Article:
How to Recognize It
You can find long, narrow stands of the Tuliptree Small-Stream Floodplain Forest along the banks and floodplains of Rock Creek and other streams in the park. Temporary flooding is no problem for the trees in this community, which include tuliptree, American sycamore, box-elder, river birch, green ash, and American elm. Understory plants include northern spicebush, wood-nettles (don’t touch!), and spring wildflowers. The banks are often sandy and stony; the floodplains beyond have fine-textured soils containing nutrients deposited by floods.
Can you find this combination of key features?
Identifying This Natural Community
- Scaly-barked American sycamore or river birch trees with exfoliating (peeling) bark
- Tuliptree, straight and tall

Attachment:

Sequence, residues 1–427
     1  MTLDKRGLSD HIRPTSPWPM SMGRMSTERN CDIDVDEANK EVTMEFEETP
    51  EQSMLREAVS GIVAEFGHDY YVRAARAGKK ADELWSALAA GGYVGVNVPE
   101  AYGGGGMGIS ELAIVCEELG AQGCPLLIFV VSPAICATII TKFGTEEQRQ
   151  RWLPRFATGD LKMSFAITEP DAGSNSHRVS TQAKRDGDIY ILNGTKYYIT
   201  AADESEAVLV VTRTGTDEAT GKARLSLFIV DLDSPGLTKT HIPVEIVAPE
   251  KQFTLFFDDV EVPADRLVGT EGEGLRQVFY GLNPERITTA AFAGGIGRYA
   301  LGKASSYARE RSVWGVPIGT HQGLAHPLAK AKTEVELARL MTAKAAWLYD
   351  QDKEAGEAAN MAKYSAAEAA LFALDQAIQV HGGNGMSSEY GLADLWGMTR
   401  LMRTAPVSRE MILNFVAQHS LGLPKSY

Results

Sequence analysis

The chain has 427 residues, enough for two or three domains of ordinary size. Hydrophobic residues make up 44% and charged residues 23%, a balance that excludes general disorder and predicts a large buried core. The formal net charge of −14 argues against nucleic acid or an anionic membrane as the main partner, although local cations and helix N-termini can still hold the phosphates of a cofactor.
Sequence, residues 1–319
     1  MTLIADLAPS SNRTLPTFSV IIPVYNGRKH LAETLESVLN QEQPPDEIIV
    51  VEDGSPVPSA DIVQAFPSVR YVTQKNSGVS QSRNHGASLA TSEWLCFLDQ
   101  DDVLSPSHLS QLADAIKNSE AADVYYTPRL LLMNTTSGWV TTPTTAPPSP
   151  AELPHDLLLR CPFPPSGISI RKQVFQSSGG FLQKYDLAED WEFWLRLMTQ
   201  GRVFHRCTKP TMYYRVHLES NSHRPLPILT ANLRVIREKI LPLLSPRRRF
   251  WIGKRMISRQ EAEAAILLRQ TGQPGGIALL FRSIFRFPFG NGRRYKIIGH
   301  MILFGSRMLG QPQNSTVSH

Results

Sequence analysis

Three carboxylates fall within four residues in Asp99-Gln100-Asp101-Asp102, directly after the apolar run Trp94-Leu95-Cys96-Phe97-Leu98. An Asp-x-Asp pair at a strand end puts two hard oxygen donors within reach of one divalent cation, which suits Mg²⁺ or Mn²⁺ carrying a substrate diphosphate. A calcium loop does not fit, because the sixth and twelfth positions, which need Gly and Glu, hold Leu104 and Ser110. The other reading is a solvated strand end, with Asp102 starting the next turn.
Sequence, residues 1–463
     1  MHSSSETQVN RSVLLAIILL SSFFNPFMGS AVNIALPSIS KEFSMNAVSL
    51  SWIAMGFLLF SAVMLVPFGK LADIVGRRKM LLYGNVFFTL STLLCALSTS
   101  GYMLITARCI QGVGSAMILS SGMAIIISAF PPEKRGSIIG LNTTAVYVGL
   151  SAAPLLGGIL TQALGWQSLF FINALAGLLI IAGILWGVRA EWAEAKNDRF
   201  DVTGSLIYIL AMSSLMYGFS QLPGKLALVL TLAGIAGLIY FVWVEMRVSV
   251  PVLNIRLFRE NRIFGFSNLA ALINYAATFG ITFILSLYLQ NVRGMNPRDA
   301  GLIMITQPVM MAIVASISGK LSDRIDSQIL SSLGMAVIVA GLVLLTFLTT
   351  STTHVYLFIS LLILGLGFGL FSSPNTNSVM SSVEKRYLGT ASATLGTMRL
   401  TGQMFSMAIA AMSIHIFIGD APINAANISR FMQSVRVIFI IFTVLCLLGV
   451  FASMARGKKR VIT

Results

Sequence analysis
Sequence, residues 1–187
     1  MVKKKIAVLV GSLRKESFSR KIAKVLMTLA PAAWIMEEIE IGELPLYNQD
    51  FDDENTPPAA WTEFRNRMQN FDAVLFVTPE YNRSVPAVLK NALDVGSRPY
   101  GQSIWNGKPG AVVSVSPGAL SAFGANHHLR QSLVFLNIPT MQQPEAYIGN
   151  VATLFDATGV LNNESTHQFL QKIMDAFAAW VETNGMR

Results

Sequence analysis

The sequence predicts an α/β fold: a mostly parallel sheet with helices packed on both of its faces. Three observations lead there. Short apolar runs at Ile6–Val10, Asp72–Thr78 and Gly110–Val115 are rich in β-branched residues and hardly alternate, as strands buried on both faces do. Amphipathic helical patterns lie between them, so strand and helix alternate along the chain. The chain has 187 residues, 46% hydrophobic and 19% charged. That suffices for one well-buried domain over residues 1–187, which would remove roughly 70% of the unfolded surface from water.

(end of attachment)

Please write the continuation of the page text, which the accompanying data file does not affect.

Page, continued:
- Northern spicebush (leaves fragrant when crushed); or American bladdernut (shrubs) or box-elder (understory trees) with 3-parted leaves.
- Stinging Canadian wood-nettle (don’t touch)
- Showy spring wildflowers such as Virginia bluebells or yellow trout-lily
- The appearance of flood-scoured ground or water-stained, grayed leaf-litter
- Located near a stream capable of flooding this area (look for animals using the stream)
- An eye-catching but unfortunate aspect of this community in Rock Creek Park—early spring carpets of yellow-flowering lesser celandine*, a non-native invasive plant in D.C.
If so, welcome to Rock Creek Park’s Tuliptree Small-Stream Floodplain Forest.
Not sure? Check out Tips to Distinguish (below), or the Compare Natural Communities tool.